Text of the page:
The growth of Palm Springs as a gambling destination has been very impressive, and now we’re starting to see premium shows there as well that remind us of the glory days of Las Vegas. Veteran Las Vegas performer Steve Connolly will reprise his award-winning role as the legendary Elvis Presley in the stage production of “Spirit of the King” in the Cascade Lounge of the Spa Resort Casino. The show kicked off on Wednesday and a red carpet premiere is scheduled for next week on the 27th and Bullz-Eye.com’s Paul Miller will be on location to cover the festivities. Paul took the photos above of the Marilyn Monroe impersonator who joins Connolly on stage for the show.
Veteran producer Dennis Levinson is bringing the show to Palm Springs, and he brings years of experience working with a wide variety of performers, including Johnny Cash, James Brown, Smokey Robinson, Mickey Gilley, Jose Feliciano, Sam Kinison, Starship, Air Supply, B.J. Thomas, The Mamas & The Papas, Marshal Tucker, Gallagher, Wayne Newton, Eddie Fisher, and Rita Rudner.
“Connolly takes his considerable skills as a recording artist, composer, writer, TV personality, musician, singer, humorist, and fine artist, to craft a totally unique show,” explains Dennis Levinson, producer of Spirit of the King. “The new show will focus on the glory days of 1960 when Elvis lived in Palm Springs. Connolly has always wanted to create a special show for Palm Springs, and this is the central theme of ‘Spirit of the King.’”
Dubbed “The hardest working KING in show biz,” Steve Connolly has performed as Elvis Presley more than 4,000 times in his career. He remains the only entertainer depicting Elvis to be chosen by the Las Vegas Review Journal’s staff as “Best Elvis in Las Vegas” in 2006 and 2007. Connolly also devotes a small portion of his 75-minute performance to creating a speed-painted ‘portrait of the King’ which is then sold to the highest bidder at the end of the show. Check out the video below for a preview.
Located just over an hour from Los Angeles, Palm Springs has been a popular destination spot for decades. But with the growth of the casinos and now regular entertainment like this show, it’s becoming a real alternative for many who don’t want the much longer drive to Vegas.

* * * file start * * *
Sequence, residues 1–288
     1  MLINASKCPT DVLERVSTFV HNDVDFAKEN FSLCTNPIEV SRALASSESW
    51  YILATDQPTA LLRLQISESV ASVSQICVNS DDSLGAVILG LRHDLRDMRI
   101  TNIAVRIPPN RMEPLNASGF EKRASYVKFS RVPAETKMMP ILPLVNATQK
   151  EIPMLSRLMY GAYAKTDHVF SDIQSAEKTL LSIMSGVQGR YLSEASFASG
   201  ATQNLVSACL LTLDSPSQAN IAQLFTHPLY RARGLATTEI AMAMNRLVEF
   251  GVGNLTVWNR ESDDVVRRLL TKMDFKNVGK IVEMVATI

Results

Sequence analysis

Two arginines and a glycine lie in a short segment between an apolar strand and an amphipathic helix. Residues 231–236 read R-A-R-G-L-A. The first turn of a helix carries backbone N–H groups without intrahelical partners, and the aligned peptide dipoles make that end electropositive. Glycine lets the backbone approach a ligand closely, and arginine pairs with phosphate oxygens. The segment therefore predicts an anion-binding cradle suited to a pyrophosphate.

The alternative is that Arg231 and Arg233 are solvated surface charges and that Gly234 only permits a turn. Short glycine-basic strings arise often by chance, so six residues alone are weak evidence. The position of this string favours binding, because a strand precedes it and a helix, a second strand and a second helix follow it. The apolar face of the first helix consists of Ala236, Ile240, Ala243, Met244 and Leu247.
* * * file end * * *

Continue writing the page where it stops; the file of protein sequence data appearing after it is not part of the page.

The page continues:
Show times for “Spirit of the King” are Saturday-Wednesday nightly at 6:30 p.m. with Sunday matinees at 2 p.m. Tickets for this unforgettable performance start at $35 and are available at the show website or by calling 800-585-3737.
Practically every guy enjoys Playboy magazine whether they subscribe or not, and old issues are treated differently than those of other magazines. We don’t want to throw them out, particularly those with our favorite Playmates. So collectors and even casual fans have boxes of old issues in their closets and garages.
Now Bondi Digital Publishing has come out with a product that every Playboy fan will love – a USB portable device that gives users immediate access on their computer to every issue from that first iconic Playboy featuring Marilyn Monroe in December 1953, all the way to the December 2009 edition featuring Chelsea Handler– and every issue, award-winning article and advertisement in between. There are over 650 issues and more than 100,000 pages covering a span of 56 years. As for adding content after 2009, a decision hasn’t been made yet on whether that will be offered, though the device can be easily updated.
The Playboy Cover-to-Cover Hard Drive is pocket-sized and very easy to use, and it’s fun to browse through all the old magazines. Naturally the pictorials will be the most popular – some of our favorites include Cathy St. George from 1982 and Christina Leardini from 1991. But Playboy has always been an influential magazine as well as Hugh Hefner featured some of the best writers of the past 50 years from Norman Mailer to Tom Wolfe. The interviews are excellent as well with an incredible variety of subjects from Steve Jobs to Jimmy Carter to Brett Favre. The software makes it easy to find items through a robust search feature, and it’s easy to browse old issues as well. We found a couple of minor glitches, but representatives from Bondi explained that updates and fixes could be downloaded seamlessly.
Priced at $299.95 this isn’t an inexpensive item, but there’s a ton of value packed into this device. Collectors will love it, along with casual fans as well.
Everybody dies, even famous actors. Some have the common sense to phase out their careers while they’re still at the top of their game and enjoy the fruits of their retirement, others milk their fame for all its worth and work ’til they drop, which is often well past their sell-by date, and, of course, there are those who die far earlier than anyone anticipated, least of all themselves, leaving their most recent project – whatever it may have been – as their last project. Bullz-Eye took a look at the filmographies of some of Hollywood’s greatest actors and examined their swan songs, and, indeed, all three of the aforementioned categories are represented.
There were only two caveats used when citing these final films: they had to have been live-action works (i.e. no voiceover performances), and the actors had to have been playing someone other than themselves. You will no doubt find yourself asking, “Hey, why didn’t [INSERT FAVORITE ACTOR'S NAME HERE] make this cut?” If you’ve got a favorite final film by an actor that was left out of the mix…hey, that’s what the Comments section is for. For now, though, sit back and enjoy…